‘Ndrangheta is to Calabria what the Camorra is to Naples. Although they are
considered more provincial amongst Italian criminal networks, they have an
international reach and a presumed alliance with the Sicilian Mafia.
Nonetheless, there are still organized along familial lines. Consequently, past
grievances often lead to violence and normal family dysfunction can cause long
term destabilization in Francesco Munzi’s decidedly un-romanticized Black Souls (trailer here), which opens this
Friday in New York.
is the oldest of the Carbone brothers, but he largely rejected the family business,
preferring to keep a herd of goats and a modest farm in remote Africo, the
ancient seat of the ‘Ndrangheta syndicate. His younger brother Luigi is the
swaggering public face of the Carbones, while the youngest brother Rocco
handles all the dodgy accounting. Luciano’s rebellious son Leo looks up to his
uncles, particularly Luigi, the charismatic tough guy.
Leo shoots up a bar aligned with the Carbones’ long-standing rivals, the
Barracas, who were responsible for the murder of the brothers’ father. Luigi
knows this for a fact, because he was there when it happened. Naturally, Leo’s
hasty actions will have serious implications. While Luciano and Rocco are
inclined to keep a lid on things, Luigi is sympathetic to Luigi’s injured pride.
He has also been planning against the Barracas, but unfortunately, they are way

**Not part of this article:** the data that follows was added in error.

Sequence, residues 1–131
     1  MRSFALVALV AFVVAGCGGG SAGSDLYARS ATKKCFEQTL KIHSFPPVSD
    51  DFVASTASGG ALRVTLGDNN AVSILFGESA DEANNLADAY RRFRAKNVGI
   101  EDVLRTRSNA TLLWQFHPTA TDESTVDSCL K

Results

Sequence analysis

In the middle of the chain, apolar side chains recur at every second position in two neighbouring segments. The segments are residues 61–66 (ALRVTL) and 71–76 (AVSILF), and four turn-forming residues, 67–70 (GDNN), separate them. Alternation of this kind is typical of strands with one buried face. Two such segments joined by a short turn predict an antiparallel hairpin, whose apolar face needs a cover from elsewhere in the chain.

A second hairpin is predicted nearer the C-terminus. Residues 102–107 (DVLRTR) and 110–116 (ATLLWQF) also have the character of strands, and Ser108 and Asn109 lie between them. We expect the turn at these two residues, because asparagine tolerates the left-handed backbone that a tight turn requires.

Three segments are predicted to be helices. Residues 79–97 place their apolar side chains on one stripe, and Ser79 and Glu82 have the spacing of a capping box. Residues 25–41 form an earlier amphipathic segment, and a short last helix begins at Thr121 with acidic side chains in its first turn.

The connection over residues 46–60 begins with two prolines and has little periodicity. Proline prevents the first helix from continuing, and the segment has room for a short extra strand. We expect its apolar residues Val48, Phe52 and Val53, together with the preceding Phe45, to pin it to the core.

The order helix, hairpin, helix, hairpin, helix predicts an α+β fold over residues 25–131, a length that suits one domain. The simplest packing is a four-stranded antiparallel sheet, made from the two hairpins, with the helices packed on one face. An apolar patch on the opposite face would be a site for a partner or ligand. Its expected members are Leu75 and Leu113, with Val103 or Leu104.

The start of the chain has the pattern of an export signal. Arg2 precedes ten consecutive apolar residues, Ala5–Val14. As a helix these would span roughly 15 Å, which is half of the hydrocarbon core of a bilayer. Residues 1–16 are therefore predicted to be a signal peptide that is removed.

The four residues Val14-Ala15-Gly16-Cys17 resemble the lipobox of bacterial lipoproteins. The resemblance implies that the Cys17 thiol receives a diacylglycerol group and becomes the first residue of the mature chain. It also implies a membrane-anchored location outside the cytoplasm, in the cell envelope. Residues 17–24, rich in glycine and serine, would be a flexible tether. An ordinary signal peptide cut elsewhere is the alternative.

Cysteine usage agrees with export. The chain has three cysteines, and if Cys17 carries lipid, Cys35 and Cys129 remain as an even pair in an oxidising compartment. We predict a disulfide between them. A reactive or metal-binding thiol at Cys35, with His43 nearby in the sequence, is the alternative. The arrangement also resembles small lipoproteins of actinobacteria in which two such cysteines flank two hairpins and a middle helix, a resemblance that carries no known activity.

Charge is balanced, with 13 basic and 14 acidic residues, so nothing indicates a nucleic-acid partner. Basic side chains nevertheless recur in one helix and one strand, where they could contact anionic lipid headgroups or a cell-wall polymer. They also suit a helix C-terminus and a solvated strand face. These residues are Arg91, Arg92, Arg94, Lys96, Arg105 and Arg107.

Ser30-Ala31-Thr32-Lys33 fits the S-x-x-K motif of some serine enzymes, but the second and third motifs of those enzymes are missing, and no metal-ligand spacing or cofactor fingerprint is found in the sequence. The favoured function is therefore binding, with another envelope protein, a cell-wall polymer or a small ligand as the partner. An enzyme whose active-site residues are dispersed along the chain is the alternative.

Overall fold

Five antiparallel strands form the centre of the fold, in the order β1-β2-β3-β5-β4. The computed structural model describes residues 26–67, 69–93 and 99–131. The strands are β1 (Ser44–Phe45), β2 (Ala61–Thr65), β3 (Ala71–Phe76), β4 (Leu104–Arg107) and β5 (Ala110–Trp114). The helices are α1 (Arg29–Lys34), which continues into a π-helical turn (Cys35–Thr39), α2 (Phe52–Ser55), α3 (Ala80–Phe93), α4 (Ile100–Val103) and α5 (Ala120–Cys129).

ahead of him.
by real life events described in Gioacchino Criaco’s novel, Black Souls combines the naturalistic
ethnographic detail of Gomorrah with
the honor-driven tragedy of a Puzo novel. It reminds us both the word and the
concept of “vendetta” came from Italy. For Munzi, it is all about the ‘Ndrangheta’s
tribalism and the tension between their old world traditionalism and New World
commerce. What happens in Africo directly reverberates in Milan. Despite Rocco’s
sophistication and Luigi’s indulgent lifestyle, there are never very far
removed from Luciano’s goats. In fact, Luigi’s loyal deputy Nicola can butcher
purloined livestock with the best of them.
Luigi, Marco Leonardi struts like he means business, but Peppino Mazzotta is
even more compelling as the bean-counting Rocco, suddenly thrust into a family
leadership role. Barbora Bobulova is also terrific as his elegant trophy wife forced
to confront the old school realities of the Africo clan. However, Giuseppe Fumo’s
Leo is just another petulant teen, who seems to exist simply to move the narrative
along with each successive poor decision.
Souls is not exactly a
groundbreaking Italian gangster movie, but it creates its own distinctive
identity in the mountains of Calabria. Munzi builds tension in the right moments
and gives viewers an intimate peak inside the ‘Ndrangheta world. Recommended
for fans of mob movies, Black Souls opens
this Friday (4/10) in New York, at the Angelika Film Center.
Labels: 'Ndrangheta, Gangster Films, Italian Cinema